It would have made more sense to me if he went through all that crap only to realize he should have stayed with the girl he was with. And I would have liked him more as a person.

  21. 21
    Keylye says:

    It’s amazing how much I agree with you.

    FYI: In the Kick-Ass comic, Dave gets beat up by Katie’s new boyfriend for being such a creeper. It’s kinda hilarious. And so much more appropriate.

  22. 22
    Robin says:

    First and most important: CANDY!!!!!!!!!!!!!!!!!!!!!

    Second: We didn’t get to use computers until Spring semester of our first year. Wah wah wah.

    Third: IMO, Shia LaBeouf, when he was being discovered during the filming of Matt Damon and Ben Affleck’s Project Greenlight, had that awkward with an edgy vulnerability quality Cera doesn’t have. Not that LaBeouf has it anymore –  the arrogance of fame has robbed him of that momentary loveliness – but it was there for a minute. And it was cool.

  23. 23
    Kaetrin says:

    Hey Candy!  Nice to have you back!

    Scott Pilgrim hasn’t come out in Australia yet I don’t think – I’ll have to keep my eye out for it.  Sounds like hubby would get a kick out of it too.

  24. 24
    redcrow says:

    So many romances would be improved if the heroine got to fight the hero’s Evil Exes and made them explode in a shower of coins and power-ups

    “So many romances would be improved by creative impact from Kunihiko Ikuhara”, you mean?

  25. 25
    Candy says:

    @AmberG the problem with Scott Pilgrim, in the books and in the movie, is a lack of chemistry with any of the girls he’s involved with EXCEPT for Kim Pine back when he was in high school.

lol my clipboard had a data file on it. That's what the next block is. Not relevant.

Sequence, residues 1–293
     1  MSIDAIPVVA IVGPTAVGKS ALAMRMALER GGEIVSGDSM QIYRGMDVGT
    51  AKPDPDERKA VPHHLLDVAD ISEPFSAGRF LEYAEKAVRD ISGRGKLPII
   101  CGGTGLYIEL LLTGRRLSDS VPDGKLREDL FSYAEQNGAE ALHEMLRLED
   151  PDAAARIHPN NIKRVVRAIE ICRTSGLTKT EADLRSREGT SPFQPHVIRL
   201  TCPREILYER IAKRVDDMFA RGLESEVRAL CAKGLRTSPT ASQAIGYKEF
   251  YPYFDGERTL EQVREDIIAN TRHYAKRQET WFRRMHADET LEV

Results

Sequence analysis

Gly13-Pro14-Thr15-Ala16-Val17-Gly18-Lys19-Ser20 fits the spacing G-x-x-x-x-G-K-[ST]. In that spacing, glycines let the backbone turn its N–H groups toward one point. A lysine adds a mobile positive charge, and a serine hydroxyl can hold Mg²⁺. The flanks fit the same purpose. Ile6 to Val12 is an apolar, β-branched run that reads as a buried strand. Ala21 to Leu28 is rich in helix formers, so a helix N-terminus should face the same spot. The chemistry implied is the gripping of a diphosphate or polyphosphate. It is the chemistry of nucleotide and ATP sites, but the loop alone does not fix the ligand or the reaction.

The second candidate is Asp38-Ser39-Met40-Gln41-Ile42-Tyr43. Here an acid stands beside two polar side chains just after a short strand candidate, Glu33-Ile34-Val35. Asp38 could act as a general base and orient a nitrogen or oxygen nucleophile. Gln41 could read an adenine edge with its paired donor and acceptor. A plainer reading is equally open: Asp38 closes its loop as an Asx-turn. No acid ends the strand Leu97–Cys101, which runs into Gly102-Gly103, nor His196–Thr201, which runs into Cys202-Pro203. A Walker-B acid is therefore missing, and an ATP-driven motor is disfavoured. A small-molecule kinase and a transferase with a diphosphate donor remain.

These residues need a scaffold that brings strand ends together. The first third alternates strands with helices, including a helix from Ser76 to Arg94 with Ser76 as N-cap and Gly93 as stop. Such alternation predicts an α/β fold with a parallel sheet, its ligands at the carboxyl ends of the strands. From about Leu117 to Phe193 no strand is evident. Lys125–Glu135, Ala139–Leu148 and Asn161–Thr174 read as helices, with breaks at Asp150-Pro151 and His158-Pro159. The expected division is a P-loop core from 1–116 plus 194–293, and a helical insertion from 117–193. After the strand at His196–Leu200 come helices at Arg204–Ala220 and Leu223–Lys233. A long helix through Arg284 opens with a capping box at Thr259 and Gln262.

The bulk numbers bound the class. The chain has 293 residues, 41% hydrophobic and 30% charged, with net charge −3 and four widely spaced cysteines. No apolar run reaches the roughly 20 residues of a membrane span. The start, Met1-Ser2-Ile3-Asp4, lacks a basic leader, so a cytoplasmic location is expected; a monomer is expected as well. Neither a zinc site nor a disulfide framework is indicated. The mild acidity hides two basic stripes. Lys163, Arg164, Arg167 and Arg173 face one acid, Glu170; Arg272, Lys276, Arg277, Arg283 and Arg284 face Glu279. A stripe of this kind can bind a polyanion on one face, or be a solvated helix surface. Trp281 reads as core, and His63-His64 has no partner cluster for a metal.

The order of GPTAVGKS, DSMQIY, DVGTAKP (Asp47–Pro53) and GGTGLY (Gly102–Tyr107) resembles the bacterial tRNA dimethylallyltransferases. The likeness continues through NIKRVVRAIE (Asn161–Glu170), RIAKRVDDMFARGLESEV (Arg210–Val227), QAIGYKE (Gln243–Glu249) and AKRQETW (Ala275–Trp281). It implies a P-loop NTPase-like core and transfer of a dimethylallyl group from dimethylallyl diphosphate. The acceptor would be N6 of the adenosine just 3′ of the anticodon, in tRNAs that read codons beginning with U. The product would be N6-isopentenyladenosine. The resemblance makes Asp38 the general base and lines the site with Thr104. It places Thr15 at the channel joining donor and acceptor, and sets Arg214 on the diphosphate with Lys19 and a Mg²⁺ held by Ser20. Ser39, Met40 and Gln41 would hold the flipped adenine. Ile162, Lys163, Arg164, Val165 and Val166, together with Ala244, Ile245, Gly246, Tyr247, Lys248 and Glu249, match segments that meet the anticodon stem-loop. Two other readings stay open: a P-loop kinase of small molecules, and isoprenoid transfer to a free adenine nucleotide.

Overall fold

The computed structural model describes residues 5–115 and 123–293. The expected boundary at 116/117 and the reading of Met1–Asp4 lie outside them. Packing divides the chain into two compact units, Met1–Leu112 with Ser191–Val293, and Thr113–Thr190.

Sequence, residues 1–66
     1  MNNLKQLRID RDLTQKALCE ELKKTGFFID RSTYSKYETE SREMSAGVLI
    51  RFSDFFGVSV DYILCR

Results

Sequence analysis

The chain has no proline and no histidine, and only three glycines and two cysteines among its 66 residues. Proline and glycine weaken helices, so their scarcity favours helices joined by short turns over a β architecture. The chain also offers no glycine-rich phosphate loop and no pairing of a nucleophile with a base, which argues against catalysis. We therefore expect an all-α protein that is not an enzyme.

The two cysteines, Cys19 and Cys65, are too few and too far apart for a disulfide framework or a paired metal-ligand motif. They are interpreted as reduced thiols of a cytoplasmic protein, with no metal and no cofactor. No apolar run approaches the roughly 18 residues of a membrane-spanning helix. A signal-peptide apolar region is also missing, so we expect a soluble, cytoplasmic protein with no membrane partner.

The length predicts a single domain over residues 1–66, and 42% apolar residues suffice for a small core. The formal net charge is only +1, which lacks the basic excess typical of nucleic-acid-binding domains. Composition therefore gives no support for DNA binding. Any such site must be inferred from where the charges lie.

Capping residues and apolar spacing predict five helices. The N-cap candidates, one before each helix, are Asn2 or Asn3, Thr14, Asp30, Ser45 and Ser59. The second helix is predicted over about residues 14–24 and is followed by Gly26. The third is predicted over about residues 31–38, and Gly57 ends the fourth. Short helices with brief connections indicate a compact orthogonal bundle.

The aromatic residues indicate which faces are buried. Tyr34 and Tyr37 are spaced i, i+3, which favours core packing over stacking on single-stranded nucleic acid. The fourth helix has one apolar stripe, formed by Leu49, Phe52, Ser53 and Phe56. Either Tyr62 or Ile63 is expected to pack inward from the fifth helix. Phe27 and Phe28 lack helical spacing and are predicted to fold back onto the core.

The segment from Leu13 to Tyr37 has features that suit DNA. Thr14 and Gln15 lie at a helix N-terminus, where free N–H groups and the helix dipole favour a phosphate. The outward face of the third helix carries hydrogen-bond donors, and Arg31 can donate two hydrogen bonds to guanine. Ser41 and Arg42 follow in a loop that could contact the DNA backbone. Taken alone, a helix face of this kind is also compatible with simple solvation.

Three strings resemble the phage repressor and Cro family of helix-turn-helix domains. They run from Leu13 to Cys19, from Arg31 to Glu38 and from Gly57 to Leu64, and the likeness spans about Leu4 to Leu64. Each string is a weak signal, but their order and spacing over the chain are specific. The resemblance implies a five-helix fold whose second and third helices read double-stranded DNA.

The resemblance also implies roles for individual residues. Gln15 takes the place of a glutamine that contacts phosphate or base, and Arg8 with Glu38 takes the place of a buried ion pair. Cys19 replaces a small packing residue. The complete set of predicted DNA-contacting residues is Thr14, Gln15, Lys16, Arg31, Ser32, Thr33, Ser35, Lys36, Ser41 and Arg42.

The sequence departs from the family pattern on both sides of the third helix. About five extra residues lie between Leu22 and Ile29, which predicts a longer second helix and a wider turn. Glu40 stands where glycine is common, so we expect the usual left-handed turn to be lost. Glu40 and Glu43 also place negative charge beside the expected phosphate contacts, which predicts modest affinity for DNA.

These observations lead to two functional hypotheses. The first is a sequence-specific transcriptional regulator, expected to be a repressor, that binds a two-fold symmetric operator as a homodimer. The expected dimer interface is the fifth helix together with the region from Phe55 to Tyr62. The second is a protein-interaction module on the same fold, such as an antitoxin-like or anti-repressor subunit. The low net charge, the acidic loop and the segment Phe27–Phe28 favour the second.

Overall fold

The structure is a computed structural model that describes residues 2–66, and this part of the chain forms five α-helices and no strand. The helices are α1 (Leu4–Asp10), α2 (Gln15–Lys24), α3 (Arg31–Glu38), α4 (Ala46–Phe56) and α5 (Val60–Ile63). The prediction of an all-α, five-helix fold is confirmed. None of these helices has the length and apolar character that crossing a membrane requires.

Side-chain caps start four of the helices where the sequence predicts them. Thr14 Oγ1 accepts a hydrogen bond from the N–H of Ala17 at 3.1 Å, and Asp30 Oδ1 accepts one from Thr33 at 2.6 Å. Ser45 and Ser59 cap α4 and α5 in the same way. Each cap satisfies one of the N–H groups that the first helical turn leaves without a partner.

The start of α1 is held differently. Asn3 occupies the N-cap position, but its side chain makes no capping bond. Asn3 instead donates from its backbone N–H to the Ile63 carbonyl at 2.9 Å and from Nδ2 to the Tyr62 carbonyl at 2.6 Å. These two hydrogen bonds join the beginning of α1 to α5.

@Robin I’ve only seen Shia LeBoeuf after he became annoying; my urge to punch him in the face remains unabated. Especially for the last Indiana Jones movie. And Transformers. Oh man. PUNCH PUNCH PUNCH.

    @everyone: Thanks for welcoming me back.

  26. 26
    Nerem says:

    Kick-Asses problem was because the scriptwriter didn’t feel like what happened in the comic (which the scriptwriter wrote) would fit in a movie.

    What happens in the comic book was the same as the movie up until he confessed about lying to her. At which point she called one of her many horrible boyfriends and he beat Kick-Ass up.

    About Scott Pilgrim, I’ve found that Scott is one of those extremely assholish ‘Nice Guy’ types who isn’t manipulative. He’s a jerk plain and simple, but the comic calls him out over and over and his big thing was learning how to not be such a ‘Nice Guy’. The movie did it pretty fantastically, with him owning up about his doubletiming and such in such a direct way.

    As Kim put it, “Scott, if your life had a face, I’m punch it.”

  27. 27
    Kathy says:

    I hated the Scott Pilgrim movie.  HATED, HATED it, for the reasons you describe.  Michael Cera’s twee little dance moves, his oh-so-precious lack of a job or any other redeeming characteristic.  I never bought for a single second that Ramona would be interested in him.  I am sick to death of the “nice guy” trope.  Ugh.  I wish I had that two hours back.

  28. 28
    JJ says:

    I loved the movie—hated the casting of Michael Cera too. I think your point about Zach Braff was great; he’d be a perfect Scott. I never read Scott as nerdy-awkward-sweet-shy so much as just…a slacker Guy. (I know plenty of Guys. They are separate from Dudes, Boys, and Men. Cera, in my mind, is still a Boy. So when he was making out with Ramona, I felt distinctly disturbed.)

    P.S. Welcome back, Candy!

  29. 29
    Pam Regis says:

    Just double checking—the HEA arc finishes up in the second book, correct?  For ordering purposes…

  30. 30
    BlueBow says:

    I’m a little bit surprised by all the hate for Michael Cera. Given, I haven’t read the comics yet and that might make a difference…

    I went into this movie kind of thinking, “Oh great, another movie where Michael Cera will be doing the same shtick he always does in EVERY MOVIE HE’S IN—” Much to my surprise, I thought it actually seemed like he was doing something else, acting more in the mindset of the character than himself for once~

    I also didn’t think the Scott/Ramona relationship was so very shallow or lacking in chemistry, though I can’t put my finger on it. They made sense to me, to the point where I was glad to see them walk off in the end to start again. Maybe because their relationship doesn’t seem very finite quite yet. He doesn’t so much get the girl as get the chance to be with the girl and see if it will work.

    I’ll quit my blathering now. :D